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Recently, I was asked about my thoughts on therapy, and mental illness in general. I’m a psychology major, I work at a group home, and I’ve personally had a few different diagnosis slapped on a file with my name.
Depending on the day or person, I might have a decent amount to say about it all.
While having a brief conversation about my own personal experiences, someone’s reaction amounted to: “That happened to you so long ago. You shouldn’t even be talking about it anymore.”
The irony is, the biggest reason I feel the need to talk about experiences years after is because of responses just like that one.
Remarks like this one reek of stigma; it’s what kept my disorder in the dark initially.
Stigma may be a sad reality for longer than I would like, but my biggest rebellion against the ridiculousness of it all is to keep my voice heard. Anyone who has stories of their own mental health issues, as well as a loved one’s mental health issues, has a voice.
Sharing each story is both for your benefit and the people around you.
Without a doubt, talking about mental illness can be terrifying at first.
There are a million ways to do it, but because it’s your experience, you get ownership of it. With ownership, you get the right to express everything that comes with that trial, along with the choice of who gets to hear it.
As I was first liberating myself from depression and disordered eating, my choice was to stand before classrooms and talk about all kinds of struggles I was working through. I remember being so nervous my hands shook the notecards I prepared. I also remember feeling extremely empowered by speaking out against things that used to be my chains.
Not everyone is going to gain freedom from speaking in front of groups of people.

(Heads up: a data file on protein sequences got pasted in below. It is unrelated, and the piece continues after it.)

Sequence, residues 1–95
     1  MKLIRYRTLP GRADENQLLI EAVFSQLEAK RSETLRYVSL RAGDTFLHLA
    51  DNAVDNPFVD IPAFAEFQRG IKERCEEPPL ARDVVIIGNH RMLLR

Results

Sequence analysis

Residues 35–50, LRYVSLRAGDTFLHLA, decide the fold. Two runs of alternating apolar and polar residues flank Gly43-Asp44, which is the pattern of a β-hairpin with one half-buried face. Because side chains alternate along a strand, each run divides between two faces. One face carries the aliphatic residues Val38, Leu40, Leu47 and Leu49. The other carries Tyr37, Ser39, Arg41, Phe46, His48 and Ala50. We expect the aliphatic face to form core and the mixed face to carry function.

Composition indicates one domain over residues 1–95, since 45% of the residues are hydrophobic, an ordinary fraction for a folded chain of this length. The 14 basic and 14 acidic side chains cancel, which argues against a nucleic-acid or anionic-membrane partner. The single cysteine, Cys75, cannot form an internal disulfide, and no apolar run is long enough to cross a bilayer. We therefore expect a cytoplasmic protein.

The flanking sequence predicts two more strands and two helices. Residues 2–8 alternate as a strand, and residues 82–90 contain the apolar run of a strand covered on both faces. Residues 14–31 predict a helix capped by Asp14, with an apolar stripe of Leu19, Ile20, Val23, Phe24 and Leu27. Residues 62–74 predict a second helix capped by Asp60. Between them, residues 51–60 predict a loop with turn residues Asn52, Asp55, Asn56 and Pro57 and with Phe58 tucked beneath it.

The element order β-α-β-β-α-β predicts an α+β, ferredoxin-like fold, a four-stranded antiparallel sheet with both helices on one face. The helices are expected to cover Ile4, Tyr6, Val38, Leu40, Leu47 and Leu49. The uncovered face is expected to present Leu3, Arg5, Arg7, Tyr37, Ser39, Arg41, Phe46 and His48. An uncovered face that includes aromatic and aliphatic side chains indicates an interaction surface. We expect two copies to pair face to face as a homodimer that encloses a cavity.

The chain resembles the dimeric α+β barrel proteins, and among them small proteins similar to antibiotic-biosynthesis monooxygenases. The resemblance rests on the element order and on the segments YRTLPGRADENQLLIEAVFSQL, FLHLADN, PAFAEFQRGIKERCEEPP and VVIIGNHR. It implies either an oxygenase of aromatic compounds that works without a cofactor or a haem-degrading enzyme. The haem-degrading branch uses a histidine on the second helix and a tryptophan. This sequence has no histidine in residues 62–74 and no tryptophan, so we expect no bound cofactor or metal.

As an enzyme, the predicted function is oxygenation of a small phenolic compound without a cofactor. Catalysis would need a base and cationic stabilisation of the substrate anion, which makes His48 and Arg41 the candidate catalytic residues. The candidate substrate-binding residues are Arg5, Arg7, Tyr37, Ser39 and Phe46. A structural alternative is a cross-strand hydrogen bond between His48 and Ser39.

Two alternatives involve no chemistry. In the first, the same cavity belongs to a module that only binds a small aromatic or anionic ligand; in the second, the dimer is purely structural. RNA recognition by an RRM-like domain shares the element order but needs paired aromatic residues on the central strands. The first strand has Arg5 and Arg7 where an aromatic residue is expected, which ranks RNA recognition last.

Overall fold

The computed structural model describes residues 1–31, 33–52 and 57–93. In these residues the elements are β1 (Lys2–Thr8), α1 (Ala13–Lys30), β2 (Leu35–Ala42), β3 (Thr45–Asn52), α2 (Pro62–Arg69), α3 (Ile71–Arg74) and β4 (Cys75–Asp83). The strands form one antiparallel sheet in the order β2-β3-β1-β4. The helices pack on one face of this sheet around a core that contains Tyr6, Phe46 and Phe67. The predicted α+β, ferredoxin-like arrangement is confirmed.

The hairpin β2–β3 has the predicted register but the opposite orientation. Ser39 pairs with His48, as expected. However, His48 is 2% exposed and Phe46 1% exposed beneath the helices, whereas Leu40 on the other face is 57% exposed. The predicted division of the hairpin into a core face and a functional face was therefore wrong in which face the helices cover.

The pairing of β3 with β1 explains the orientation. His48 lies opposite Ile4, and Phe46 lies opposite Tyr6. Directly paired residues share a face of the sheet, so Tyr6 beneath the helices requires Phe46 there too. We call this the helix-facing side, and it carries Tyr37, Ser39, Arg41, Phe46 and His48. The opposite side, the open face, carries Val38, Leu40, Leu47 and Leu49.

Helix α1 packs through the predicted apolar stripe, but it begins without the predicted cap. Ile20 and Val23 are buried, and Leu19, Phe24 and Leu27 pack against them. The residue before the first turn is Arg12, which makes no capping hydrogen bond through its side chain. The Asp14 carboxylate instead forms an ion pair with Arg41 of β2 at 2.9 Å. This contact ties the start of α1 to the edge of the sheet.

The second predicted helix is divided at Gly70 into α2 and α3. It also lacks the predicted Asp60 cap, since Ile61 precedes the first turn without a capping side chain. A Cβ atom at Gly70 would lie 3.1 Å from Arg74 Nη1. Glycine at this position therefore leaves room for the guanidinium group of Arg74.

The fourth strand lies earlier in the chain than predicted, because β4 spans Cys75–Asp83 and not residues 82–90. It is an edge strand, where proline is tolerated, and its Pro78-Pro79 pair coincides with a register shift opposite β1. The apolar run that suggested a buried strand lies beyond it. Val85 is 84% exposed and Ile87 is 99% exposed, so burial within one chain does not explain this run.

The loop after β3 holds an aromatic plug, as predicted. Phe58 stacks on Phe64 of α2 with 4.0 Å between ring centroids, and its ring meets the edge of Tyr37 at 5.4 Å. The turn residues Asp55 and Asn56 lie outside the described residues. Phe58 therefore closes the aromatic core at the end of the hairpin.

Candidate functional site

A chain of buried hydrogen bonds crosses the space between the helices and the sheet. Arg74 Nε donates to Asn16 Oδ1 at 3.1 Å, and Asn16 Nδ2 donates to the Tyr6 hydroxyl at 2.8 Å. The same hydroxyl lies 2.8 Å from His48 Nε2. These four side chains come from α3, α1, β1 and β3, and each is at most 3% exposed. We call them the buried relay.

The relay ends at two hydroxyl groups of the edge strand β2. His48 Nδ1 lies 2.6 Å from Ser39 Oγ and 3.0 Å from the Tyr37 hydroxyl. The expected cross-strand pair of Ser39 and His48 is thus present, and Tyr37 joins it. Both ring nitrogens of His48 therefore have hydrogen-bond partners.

However, not everyone needs to. Your version of speaking up can even be to finally talk opening with a close friend who never understood before. Who knows, your friend could be going through some of the same things, or might, years down the road.
By talking through your mental illness you have the wonderful opportunity to claim mental illness as a part of your narrative, and not your identity.
You also have the opportunity to be an example to people currently suffering. If we all talked about our struggles more, the stigma would have no option but to loosen its grip. I wish I had more people bringing awareness to everything mental illness is before I was at my rock bottom.
From what I’ve seen, though, the best way to get people to talk more openly is to open up yourself and watch for the ripple effect. I’ve had around 5 years of telling tales of my own mental illness by now. The more I keep an open dialogue, the surer I am it makes the shame shed off.
My strongest rebellion to the stigma is bringing mental illness into the light.
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Brooke struggled with disordered eating, depression, and self harm at a very young age. She went into recovery at fifteen in November of 2011, and continues to share and learn perspectives for healthy and happy living. Her faith in Christ is what motivated her recovery, and is what continues to motivate her to love herself and others more deeply every day. She deeply enjoys her work at a group home for individuals with a spectrum of disorders. Brooke plans to pursue a four year degree in Psychology at the University of Minnesota, Twin Cities. Brooke believes people (herself included) are messy, but well worth loving and caring for. Some of her interests include running, reading, listening to spoken word poetry, singing in the car and shower, and drinking coffee no matter the time of day. By writing for the Libero, Brooke aims to find another way to put her trials to good use.
SITE DISCLAIMER: The opinions and information shared in this article or any other Content on our site may not represent that of Libero Network Society. We hold no liability for any harm that may incur from reading content on our site. Please always consult your own medical professionals before making any changes to your medication, activities, or recovery process. Libero does not provide emergency support. If you are in crisis, please call 1-800-784-2433 or another helpline or 911.